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Eventide by Charlie Payne

As clichéd as it sounds, my husband and I utterly fell in love with the Isles of Scilly even before we moved here. I didn’t know much about them until I first visited in 2014, when on a whim we booked a trip to Troytown Farm campsite on St Agnes. We moved here – to St Martin’s – in 2016, a month after we married, having only visited the islands once more after our first trip!

Image by Bruce Frank

Having both lived and worked in London for more than 10 years, despite having jobs we loved, we felt there was something missing, so we decided to take a big leap into the unknown and make a full-on lifestyle change. We left our careers and came to Scilly with new jobs at Scilly Flowers – the flower farm on St Martin’s. I now teach at our small island school – a dream job for me, having worked in education prior to moving here – and I help run COSMOS (Community Observatory St Martin’s on Scilly) in my free time.

COSMOS is a group of enthusiastic amateur astronomers, all based on St Martin’s. Our group was born out of a collective enjoyment of our amazing night skies, and a desire to share that more widely with others. In 2019, after several years of fundraising, we finally opened our community observatory in a prime spot on the island. We have two observation domes, one featuring a powerful 14-inch telescope for deep-sky viewing, the other housing two smaller scopes – one ideal for viewing the moon and planets, and a solar telescope for observing the sun during the day. We also have a small ‘warm room’ which houses computer and imaging equipment, and which we use for holding events and welcoming visitors. As the UK’s most south-westerly observatory, our aim is to be a hub for astronomy on the islands, for our community and our visitors, for many years to come.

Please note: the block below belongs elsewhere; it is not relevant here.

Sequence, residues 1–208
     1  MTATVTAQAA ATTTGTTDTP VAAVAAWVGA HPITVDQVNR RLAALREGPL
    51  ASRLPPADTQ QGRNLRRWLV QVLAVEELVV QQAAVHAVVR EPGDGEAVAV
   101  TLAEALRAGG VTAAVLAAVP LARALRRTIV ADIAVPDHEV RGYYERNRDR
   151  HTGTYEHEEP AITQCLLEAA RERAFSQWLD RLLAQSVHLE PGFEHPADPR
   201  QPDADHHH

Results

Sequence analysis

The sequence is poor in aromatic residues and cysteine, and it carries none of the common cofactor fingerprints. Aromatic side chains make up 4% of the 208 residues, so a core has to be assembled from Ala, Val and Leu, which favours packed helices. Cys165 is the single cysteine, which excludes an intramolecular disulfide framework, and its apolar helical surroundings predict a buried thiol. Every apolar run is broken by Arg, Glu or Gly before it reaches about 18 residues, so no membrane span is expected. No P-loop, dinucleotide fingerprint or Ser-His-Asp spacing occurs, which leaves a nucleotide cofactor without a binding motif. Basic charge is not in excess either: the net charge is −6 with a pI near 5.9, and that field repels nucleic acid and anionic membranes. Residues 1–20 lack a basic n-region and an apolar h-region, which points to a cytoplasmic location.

Looking to the future and I would like to hope that after the recent pandemic, people are more actively interested in travelling locally, and enjoying the amazing beauty and diversity of the UK, including Scilly. If there’s been one constant that we can look to in all this, it’s the night sky. Scilly skies are a real wonder to behold, especially when there are so many places in the UK where light pollution prevents you from enjoying truly dark skies. There remains nowhere better than Scilly to enjoy the night sky, and long may that continue. That said, we are following with interest Elon Musk’s Starlink project (which you may have seen as ‘trains’ of satellites across the night sky) as, aside from being a distraction when observing, for example, meteor showers, it’s ultimately more potential junk in the sky, and another form of light pollution. We hope that lots more people will share with us the unspoilt beauty of our Scilly skies, and we look forward to welcoming you to our community observatory.


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